Tuesday, October 14, 2014

The Parent's Guide To Surviving Middle School - Part 1

This kid started middle school this year. Seems impossible, I know. He's not old enough for that. I'm not old enough for that. I knew it would be a struggle for all of us and it would take time getting into the groove of things and getting used to all the changes. but so far middle school has been kicking our butts. It's not been all bad. Actually it's been pretty good. But as a parent, middle school has been like a part-time job. I feel like Trevor's personal secretary/assistant because if not for all the work I've been doing he'd be in bad shape. Maybe it's different for us - I have heard that girls do very well in middle school because they are typically more organized and that makes it easier for them. Maybe it's harder for us because of Trevor's ADD and his constant forgetfulness and lack of any and all organizational skills. Whatever it is, I have learned a lot and I am here to share what I have learned. Take notes, there might be a quiz at the end.
1. Teach your child how to open a combination lock long before the first day of school. It took Trevor 3 weeks, a You Tube video (yes, I'm not kidding), and a trip to Target for locks to practice with before he could finally use his locker at school. Do your kid a favor and make them an expert at combination locks by the end of 5th grade.
2. Find out who has classes with your kid and get to know those kids. Get their numbers. You will be ever so grateful to those friends when you can call or text them for info on homework and what is going on in class when your kid is clueless and forgets everything that happened that day.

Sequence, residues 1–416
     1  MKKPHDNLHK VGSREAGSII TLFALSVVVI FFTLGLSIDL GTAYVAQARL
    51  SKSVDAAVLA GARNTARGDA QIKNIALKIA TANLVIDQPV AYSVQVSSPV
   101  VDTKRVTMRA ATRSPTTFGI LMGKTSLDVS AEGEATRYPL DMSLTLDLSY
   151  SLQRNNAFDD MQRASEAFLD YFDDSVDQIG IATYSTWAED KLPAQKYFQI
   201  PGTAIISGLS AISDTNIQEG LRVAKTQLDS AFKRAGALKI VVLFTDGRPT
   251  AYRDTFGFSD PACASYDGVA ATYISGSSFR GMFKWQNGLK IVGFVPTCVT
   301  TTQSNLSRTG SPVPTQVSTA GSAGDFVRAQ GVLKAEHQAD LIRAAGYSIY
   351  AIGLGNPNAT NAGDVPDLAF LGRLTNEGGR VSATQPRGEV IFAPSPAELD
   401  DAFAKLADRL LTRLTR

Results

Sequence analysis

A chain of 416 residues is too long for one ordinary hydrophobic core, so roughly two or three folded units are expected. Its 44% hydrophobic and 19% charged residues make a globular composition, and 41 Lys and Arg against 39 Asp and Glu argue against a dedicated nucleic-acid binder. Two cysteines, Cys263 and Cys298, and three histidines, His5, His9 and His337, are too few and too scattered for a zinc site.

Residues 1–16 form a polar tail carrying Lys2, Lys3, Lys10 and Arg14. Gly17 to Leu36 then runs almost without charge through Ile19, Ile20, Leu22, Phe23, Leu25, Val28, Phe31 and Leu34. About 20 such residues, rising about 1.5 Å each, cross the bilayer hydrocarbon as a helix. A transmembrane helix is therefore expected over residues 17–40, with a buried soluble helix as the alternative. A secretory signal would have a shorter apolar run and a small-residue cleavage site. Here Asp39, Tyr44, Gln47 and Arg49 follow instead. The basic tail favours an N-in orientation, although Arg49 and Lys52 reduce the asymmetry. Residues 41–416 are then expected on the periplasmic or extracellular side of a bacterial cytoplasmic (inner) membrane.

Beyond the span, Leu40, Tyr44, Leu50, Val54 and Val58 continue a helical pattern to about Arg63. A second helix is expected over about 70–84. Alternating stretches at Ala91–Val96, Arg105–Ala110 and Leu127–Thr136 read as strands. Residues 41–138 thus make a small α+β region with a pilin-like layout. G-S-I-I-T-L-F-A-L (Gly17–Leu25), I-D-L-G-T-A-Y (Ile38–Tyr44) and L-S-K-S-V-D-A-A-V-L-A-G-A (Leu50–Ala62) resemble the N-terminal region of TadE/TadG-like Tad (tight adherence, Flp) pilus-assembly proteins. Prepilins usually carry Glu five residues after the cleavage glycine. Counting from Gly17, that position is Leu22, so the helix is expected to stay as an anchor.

3. It's never too early to check on your kid in class and find out what his grades are BEFORE the first progress reports go out. Teachers might think of Infinite Campus as an Infinite Headache but it's been my Very. Best. Friend. When your kid forgets to turn things in as much as my kid does you will be checking that website fifty times a day to get info and keep up on his grades and assignments. Which leads us into....
4. Don't be afraid to e-mail the teachers. I e-mail at least one of Trevor's teachers every week. I ask questions about missing assignments, upcoming projects, grades and his behavior in class. It might seem a little overbearing or that I am a helicopter mom, but seriously I don't want my kid failing 6th grade because I didn't communicate with his teachers enough. Which leads us into.....
5. When your kid's teachers respond to your e-mails or meet for a parent/teacher conference (yep, had one of those already) send them a nice e-mail thanking them for their time and cooperation and support. If you're a nice parent they will be more willing to work with you AND your kid. If you're a mean, cranky, annoying parent they might just ignore your e-mails.
6. This is a big one - be super organized. Teach your kid how to be super organized. It will be hard, it will take time, it will get on your nerves but it will be all worth it in the end when your kid goes to college and he can finally manage his time and turn in his assignments on the due date (I am hoping and praying this happens one day).
7. And the most important thing I have learned so far - when your kid wants to talk to you about what's going on at school listen, just listen. Don't try and solve his problems, or give him advice, or tell him what you would have done in that situation unless he asks you. Give him lots of hugs, tell him you love him no matter what and always listen to what he has to say.